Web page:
Lilly and Bayer’s LOXO-195 shows efficacy in TRK inhibitor-resistant tumors at AACR

Among 29 patients, the drug – designed for patients who become resistant to TRK inhibitors like Vitrakvi – showed a 34 percent response rate, according to Phase I data.

dna, genomics

A drug intended for cancer patients whose disease becomes resistant to therapy targeting a rare genetic abnormality has shown potentially promising data at an ongoing oncology conference in Atlanta.

The American Association for Cancer Research said Monday that data for the drug, Eli Lilly subsidiary Loxo Oncology and Bayer’s LOXO-195 – now known as BAY 2731954 – showed 10 of the 29 patients evaluable for efficacy had a confirmed partial or complete response. All of the patients – 24 adults and seven children – had tumors that had acquired resistance to prior therapy with a TRK inhibitor, and BAY 2731954 is a TRK inhibitor designed to overcome that resistance. The data included 20 patients in an ongoing Phase I clinical trial and 11 who received BAY 2731954 through a Food and Drug Administration expanded-access protocol.

In November, Loxo and Bayer’s Vitrakvi (larotrectinib) received accelerated FDA approval for any solid tumor that exhibits an NTRK fusion. While NTRK fusions are very rare – accounting for about 0.5 percent of all cancers diagnosed in the US – targeting them has a high probability of producing a response. Indianapolis-based Lilly acquired Loxo in January for $8 billion.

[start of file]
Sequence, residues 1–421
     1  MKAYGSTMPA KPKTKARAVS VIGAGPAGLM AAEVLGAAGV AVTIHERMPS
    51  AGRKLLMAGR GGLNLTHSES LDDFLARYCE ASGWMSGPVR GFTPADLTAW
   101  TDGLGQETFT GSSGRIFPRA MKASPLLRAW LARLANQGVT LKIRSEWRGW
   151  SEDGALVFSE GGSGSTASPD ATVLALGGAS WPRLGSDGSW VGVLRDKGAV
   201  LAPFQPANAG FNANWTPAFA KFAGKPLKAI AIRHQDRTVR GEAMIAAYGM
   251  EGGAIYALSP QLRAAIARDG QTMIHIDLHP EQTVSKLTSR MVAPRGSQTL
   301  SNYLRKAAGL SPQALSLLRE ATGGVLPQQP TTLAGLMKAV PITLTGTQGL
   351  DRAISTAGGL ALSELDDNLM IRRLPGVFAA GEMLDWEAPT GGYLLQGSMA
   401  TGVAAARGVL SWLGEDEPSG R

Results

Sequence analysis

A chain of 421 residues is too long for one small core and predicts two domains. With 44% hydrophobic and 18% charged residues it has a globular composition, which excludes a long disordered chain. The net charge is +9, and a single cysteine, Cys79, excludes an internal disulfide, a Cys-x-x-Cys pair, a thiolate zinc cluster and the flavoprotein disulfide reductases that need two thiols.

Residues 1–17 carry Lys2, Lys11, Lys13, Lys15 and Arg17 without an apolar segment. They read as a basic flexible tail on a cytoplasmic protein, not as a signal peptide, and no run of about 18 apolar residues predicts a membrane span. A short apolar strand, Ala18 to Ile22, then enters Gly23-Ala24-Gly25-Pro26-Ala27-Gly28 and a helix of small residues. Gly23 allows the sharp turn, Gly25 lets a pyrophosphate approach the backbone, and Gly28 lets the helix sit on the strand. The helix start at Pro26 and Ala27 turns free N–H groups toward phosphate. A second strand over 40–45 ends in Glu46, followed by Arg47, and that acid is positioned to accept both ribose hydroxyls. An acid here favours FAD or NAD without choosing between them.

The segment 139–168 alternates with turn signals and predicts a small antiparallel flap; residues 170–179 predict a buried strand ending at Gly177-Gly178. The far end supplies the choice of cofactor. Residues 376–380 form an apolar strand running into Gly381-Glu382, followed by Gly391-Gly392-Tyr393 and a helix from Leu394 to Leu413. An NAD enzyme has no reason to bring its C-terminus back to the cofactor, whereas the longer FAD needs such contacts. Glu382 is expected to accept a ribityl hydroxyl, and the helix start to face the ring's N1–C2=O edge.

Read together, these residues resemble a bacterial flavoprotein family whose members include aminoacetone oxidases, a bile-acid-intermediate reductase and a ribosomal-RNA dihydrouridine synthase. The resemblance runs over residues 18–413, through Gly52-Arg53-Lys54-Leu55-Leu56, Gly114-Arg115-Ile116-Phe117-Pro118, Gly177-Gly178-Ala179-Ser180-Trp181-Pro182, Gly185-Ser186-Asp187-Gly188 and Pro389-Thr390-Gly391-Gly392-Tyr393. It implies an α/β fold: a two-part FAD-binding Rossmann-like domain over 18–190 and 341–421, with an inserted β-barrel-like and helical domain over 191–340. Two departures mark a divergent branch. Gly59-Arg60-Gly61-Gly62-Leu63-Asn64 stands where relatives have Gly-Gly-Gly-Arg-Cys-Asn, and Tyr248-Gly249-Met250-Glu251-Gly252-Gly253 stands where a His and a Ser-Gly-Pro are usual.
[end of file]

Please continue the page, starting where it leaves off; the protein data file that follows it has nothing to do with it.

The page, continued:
“Unfortunately, most tumors that initially respond eventually become resistant to first-generation TRK inhibitors like larotrectinib,” Memorial Sloan Kettering Cancer Center chief of early drug development Dr. David Hyman said in a statement. “This is frequently because the tumor has acquired mutations in NTRK that reduce the ability of the therapeutic to block TRK activity.”

Another Loxo drug, LOXO-292, goes after a similar target known as a RET fusion, based on a similar premise to Vitrakvi. Data on that drug from a Phase I study presented at last year’s American Society of Clinical Oncology meeting in Chicago showed that LOXO-292 produced a 77 percent overall response rate, including 74 percent confirmed responses.

The first drug to win a tissue-agnostic label was Merck & Co.’s PD-1 checkpoint inhibitor Keytruda (pembrolizumab), for MSI-H and dMMR cancers, but Vitrakvi was the first to win such a label as its sole approved indication. The rarity of the NTRK fusion-positive cancers, and their thin spread across different tumor types, means finding them will be akin to looking for a needle in a haystack. However, it could also spur the greater use of genomic sequencing in oncology.

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